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By December 24, 2021 Read More →

Christmas at Our House Long Ago

Merry Christmas to all! I ran across this charming recollection in the archives and had to share it with all of you. Six year-old Evelyn Balcom moved to Peterborough in 1913 with her mother to lived with her uncle and aunt, William and Mary Farnsworth. They lived above the Farnsworth’s store on Main Street. Here is Evelyn’s account of Christmas Eve in the 1910s. Wishing you the happiest of holidays- Michelle

Peterborough- my childhood home- lives on in my memory when Christmastide is here. More than seventy years ago I lived with my family over the W.S. Farnsworth & Sons Co. general store. It was known as the largest country general store north of Boston.

As a matter of history, the building is located at 9 Main Street, was owned by Sylvester Tenney. It stood across from the Unitarian church. Its

Tenney Farnsworth Store

The store and apartment where Evelyn lived with her mother, aunt, and uncle. The building stood at the corner of Main Street and Summer Street. The site is now occupied by the Centertown building.

porch signs read: Dry Goods, Groceries, Boots and Shoes, Furniture and Hardware. The family lived in the spacious apartment over the store and fronting on Main Street.

Christmas was an exciting time of year. On Thanksgiving evening the entire family of six would become involved in putting up the Christmas decorations that had been stored from previous years. They were the traditional papier-mache rope of green leaves and red bells. This was the exciting and official start of the season when children’s brightly colored toys would replace the overalls and work pants. When I was in junior high school, I looked forward during vacation to being a clerk at one small table- I had good teaching in making change!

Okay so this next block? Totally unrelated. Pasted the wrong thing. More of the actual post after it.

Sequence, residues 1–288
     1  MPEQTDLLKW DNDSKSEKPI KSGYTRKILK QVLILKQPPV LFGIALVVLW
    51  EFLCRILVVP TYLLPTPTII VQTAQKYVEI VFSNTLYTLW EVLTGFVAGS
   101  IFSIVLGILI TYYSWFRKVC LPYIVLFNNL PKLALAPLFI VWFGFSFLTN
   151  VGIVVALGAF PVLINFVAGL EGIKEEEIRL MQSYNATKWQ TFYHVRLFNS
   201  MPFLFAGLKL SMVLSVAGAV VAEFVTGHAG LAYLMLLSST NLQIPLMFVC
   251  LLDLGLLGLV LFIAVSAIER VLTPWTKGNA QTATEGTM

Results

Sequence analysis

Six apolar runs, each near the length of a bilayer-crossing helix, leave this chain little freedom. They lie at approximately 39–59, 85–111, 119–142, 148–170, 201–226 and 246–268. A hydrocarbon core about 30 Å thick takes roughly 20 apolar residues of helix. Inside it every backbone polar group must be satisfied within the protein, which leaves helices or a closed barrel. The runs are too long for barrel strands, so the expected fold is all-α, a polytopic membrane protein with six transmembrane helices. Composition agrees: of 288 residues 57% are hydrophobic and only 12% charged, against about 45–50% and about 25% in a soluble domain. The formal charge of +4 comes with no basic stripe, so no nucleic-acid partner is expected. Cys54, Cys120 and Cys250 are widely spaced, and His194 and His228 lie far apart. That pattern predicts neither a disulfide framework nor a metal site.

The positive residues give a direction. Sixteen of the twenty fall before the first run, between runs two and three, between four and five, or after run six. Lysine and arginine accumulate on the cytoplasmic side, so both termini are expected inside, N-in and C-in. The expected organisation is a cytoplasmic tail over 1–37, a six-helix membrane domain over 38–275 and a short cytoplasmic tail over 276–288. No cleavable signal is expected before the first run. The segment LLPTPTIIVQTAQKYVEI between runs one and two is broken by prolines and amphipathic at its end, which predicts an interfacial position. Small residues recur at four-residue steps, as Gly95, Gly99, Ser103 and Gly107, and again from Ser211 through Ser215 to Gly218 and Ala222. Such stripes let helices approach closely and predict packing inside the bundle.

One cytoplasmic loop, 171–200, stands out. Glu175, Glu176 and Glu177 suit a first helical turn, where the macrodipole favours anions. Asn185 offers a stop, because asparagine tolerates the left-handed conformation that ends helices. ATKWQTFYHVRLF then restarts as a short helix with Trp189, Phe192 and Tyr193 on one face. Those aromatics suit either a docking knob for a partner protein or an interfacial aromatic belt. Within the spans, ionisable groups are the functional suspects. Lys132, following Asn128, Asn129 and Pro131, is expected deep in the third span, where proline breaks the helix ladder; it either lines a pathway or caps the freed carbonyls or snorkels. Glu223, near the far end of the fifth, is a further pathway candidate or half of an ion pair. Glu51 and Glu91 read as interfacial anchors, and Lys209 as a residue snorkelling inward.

At nine o’clock on Christmas Eve, all potential customers became watchers as the carolers with lighted candles proceeded from Concord Street up Main Street to Grove Street and the Town Hall. Jim Naglie, with his popcorn team, had proceeded the carolers to a point where business would  be more brisk. It was home-grown popcorn and freshly-churned butter from his farm- an irresistible treat! His sharing popper barely kept up with the demand for the striped bags with the butter showing through!

Farmers who had hitched their horses to the posts alongside the store, again stopped in to get warm and attend to last-minute needs.

Soon after ten o’clock, when all three doors had been carefully locked, the entire family went up the back stairs to their living quarters. After enjoying coffee and home-made doughnuts, my cousin would disappear. I would anxiously await his return, hoping he would bring me a freshly cut tree from its hiding place- I was never disappointed!! He took time to set it up for me to decorate.

On Christmas Day vanilla ice cream was churned down stairs in the barn. The three store horses, Bess, Dick and Prince, looked on- it was their day of rest too.

Evelyn Balcom Wheeler (1907-1992)

December 4, 1985

Main Street Bridge in Snow

Main Street Bridge from Granite Street circa 1910.